CT findings include nodular soft tissue masses in the nasal cavity and sinuses, chronic osteitis, bone destruction, and nasal septal perforation (Figure 11B). MRI shows low signal intensity nodular masses on T1W and T2W images with variable enhancement. MRI better delineates orbital involvement and intracranial spread through the cribriform plate or along skull base fissures and foramina.


Sarcoidosis is an idiopathic systemic GD characterized by formation of non-caseating granulomas in multiple organs.11 Unlike GPA, sarcoid is most common in African-American females and orbital involvement is more common than SN involvement, occurring in up to 80% of patients. 11 The most common structure involved in orbital sarcoidosis is the lacrimal gland, and may be unilateral or bilateral. Sarcoid can also present as diffuse infiltration of orbital soft tissues, extraocular muscles, optic nerve-sheath complex, or lacrimal sac (Figure 12A).14 Similar to GPA, the most frequent sites of SN involvement are the nasal septum and turbinates. 15, 16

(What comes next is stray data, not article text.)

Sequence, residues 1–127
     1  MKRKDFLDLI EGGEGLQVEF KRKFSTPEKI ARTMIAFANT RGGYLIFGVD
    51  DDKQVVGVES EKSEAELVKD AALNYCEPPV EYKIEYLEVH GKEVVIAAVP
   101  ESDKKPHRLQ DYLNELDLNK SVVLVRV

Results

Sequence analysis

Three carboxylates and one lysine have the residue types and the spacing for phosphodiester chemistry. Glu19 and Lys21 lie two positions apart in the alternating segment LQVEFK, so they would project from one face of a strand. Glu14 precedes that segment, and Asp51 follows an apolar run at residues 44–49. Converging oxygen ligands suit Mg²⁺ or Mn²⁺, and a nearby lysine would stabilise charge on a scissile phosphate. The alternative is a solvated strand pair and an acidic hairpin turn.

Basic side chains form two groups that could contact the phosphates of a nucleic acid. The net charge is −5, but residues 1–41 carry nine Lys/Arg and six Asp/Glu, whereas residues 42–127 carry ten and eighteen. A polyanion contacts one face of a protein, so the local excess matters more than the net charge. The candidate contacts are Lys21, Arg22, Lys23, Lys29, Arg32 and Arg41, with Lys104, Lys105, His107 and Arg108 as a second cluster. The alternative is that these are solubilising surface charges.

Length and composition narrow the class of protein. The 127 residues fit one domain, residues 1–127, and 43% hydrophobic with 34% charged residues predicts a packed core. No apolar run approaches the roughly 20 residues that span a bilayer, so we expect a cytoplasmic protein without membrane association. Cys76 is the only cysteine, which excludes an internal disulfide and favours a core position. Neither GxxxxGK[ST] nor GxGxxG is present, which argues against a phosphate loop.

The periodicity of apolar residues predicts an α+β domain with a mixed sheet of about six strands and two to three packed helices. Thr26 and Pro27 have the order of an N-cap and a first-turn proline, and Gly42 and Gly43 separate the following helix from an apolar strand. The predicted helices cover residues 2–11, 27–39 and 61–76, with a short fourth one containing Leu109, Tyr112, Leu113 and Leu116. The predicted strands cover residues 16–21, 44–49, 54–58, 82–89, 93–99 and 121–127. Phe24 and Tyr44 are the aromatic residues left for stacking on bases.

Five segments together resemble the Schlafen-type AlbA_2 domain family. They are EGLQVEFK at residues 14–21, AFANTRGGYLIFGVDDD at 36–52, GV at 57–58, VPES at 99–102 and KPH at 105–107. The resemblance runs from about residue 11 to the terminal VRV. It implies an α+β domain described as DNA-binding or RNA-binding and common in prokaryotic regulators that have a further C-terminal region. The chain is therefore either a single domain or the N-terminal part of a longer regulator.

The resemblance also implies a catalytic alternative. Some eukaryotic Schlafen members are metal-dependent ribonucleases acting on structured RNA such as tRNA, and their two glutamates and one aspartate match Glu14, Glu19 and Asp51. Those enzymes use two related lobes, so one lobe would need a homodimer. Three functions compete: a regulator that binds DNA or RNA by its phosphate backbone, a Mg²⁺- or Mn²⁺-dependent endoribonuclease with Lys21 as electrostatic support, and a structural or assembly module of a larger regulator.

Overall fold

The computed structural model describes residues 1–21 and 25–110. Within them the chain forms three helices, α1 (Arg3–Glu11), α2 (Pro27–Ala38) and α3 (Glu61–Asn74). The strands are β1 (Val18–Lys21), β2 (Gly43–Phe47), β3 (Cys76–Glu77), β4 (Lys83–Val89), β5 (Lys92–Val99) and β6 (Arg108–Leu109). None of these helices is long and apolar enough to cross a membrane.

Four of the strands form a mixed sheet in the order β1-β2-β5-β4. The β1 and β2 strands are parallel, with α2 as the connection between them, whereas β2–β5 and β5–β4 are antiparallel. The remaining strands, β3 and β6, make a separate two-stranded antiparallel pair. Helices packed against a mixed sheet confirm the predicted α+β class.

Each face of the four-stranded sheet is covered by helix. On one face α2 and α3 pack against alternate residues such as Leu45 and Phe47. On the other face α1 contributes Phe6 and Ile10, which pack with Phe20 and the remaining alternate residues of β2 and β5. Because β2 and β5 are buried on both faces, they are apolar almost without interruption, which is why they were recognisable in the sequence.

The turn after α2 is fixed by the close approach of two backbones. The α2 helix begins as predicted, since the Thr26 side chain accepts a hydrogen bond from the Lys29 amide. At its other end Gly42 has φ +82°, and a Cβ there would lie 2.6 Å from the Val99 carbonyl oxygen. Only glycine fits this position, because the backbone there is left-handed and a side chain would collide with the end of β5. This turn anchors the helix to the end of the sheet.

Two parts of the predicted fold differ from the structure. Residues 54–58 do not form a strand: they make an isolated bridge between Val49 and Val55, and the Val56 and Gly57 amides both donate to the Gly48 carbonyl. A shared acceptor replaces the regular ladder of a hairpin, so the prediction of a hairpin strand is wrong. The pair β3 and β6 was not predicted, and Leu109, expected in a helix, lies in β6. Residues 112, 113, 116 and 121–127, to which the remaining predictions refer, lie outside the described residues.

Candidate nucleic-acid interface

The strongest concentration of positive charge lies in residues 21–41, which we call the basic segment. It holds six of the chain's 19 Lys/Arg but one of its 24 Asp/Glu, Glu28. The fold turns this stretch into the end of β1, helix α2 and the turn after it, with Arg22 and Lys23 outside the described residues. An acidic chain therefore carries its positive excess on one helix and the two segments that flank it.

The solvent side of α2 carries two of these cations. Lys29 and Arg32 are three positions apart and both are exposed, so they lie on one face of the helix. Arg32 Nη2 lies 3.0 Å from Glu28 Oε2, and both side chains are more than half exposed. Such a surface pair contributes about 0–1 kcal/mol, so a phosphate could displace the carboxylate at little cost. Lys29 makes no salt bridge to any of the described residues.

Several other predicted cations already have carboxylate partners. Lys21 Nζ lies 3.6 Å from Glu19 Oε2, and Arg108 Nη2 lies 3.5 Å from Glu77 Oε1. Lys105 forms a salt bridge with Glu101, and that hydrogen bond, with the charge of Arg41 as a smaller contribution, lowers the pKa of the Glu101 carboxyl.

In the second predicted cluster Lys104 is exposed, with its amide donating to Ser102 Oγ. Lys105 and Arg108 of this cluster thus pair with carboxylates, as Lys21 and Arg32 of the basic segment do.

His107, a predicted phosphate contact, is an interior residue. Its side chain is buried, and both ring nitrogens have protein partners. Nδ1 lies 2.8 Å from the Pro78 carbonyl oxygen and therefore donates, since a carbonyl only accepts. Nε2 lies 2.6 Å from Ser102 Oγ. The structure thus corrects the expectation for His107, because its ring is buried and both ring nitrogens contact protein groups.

The nasal mucosal soft tissue nodules of sarcoid are typically isodense to other soft tissue on CT. On MR, hypointense T1 signal, variable hyperintense long TR signal and diffuse, homogeneous enhancement are seen (Figure 12B). The infiltrative soft tissue of sarcoid may mimic lymphoma, IgG4-related disease or GPA. Diagnosis is confirmed on biopsy, but patient demographics and absence of cANCA positivity help differentiate sarcoid from GPA.

Fibro-osseous lesions